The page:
Bryant explains how the complex and beautiful honeycomb shape could be produced by the natural activity of bees. All that was needed was for each bee to excavate his own cell at approximately the same rate as the others and use the excavated material to build up the walls of its cell. Bryant's conclusion that elongated rhombic semi-dodecahedra are the natural form of honeycomb cells had been observed by Kepler.
In 1895 Frances Buss died and Bryant succeeded her as head of the North London Collegiate School. She held this post until she retired in 1918.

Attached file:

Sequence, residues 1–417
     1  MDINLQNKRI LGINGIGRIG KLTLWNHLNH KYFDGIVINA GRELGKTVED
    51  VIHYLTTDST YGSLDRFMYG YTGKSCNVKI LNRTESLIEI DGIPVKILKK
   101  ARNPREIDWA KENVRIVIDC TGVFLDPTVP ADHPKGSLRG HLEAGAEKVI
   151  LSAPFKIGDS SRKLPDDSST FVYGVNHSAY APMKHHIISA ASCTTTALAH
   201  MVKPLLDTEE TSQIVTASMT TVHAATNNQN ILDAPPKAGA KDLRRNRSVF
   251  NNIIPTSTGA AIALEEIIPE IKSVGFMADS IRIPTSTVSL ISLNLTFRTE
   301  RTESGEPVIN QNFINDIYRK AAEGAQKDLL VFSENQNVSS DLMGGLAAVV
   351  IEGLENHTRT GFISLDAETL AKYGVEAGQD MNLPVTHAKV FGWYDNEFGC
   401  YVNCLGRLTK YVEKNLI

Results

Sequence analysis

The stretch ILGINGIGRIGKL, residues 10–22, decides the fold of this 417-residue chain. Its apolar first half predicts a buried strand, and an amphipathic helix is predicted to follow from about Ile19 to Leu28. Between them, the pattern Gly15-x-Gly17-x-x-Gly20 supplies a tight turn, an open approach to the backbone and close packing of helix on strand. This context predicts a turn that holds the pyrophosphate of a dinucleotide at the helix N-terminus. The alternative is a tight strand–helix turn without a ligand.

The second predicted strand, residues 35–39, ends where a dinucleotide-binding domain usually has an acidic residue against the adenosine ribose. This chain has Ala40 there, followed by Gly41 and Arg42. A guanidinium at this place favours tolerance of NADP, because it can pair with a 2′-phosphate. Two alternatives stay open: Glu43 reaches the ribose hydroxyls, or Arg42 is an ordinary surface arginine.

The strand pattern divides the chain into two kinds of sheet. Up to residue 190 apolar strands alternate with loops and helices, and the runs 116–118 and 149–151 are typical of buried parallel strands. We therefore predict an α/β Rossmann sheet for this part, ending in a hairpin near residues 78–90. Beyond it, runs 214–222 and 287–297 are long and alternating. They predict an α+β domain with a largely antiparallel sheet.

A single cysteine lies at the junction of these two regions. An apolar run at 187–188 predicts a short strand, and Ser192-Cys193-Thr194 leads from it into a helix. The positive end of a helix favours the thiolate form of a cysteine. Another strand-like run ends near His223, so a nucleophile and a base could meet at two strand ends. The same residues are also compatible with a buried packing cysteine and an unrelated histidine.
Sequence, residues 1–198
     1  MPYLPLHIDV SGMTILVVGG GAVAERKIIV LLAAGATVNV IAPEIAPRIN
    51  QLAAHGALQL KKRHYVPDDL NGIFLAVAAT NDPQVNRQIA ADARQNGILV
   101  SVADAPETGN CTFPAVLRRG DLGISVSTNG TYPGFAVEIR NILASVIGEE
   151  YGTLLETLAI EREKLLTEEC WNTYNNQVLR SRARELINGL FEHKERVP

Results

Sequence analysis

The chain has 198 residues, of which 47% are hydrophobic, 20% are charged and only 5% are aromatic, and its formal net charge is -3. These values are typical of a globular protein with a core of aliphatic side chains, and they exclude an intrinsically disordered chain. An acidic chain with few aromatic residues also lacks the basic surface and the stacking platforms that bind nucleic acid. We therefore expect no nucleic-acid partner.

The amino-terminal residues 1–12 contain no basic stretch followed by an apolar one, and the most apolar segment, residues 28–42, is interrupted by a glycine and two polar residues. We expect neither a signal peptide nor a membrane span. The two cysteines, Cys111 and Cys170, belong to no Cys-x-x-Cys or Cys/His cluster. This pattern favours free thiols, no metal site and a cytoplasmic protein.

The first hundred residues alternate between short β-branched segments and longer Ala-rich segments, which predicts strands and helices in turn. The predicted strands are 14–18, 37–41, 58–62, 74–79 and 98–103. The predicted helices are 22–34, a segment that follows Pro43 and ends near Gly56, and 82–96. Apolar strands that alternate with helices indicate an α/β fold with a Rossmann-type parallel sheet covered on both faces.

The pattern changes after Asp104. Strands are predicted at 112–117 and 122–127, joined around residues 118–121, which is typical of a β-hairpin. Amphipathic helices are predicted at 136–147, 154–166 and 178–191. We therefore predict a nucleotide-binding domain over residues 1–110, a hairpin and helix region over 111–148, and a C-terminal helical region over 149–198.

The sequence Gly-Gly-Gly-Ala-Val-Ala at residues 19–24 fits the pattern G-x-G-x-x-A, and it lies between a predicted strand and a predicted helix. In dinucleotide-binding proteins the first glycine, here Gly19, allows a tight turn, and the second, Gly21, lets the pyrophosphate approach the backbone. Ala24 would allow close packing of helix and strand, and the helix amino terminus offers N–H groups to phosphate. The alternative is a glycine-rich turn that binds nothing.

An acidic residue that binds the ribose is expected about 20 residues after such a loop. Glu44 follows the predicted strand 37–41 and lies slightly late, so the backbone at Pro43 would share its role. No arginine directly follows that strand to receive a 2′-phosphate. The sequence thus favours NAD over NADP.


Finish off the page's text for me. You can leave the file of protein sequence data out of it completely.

Bryant published on many topics, Irish history, religion, education, women's rights, and philosophy. For example she published articles such as: An account of the North London Collegiate School for Girls (1870); Experiments in testing the characters of school children (1885); Welsh University, local examinations in Wales (1886); Educational ends or the ideal of personal development (1887); and Moral education (1888). Among her books we mention How to read the Bible in the twentieth century (1918), Moral and religious education (1920), and The teaching of morality in the family and the school (1897, 1898, 1900). A staunch supporter of Irish Home Rule, Sophie work books on Irish history - Celtic Ireland (1889), The Genius of the Gael: A study in Celtic psychology and its manifestations (1913) and Liberty, order and law under native Irish rule: a study in the Book of the Ancient Laws of Ireland (1923).
In  Bryant's many achievements are listed, for example:-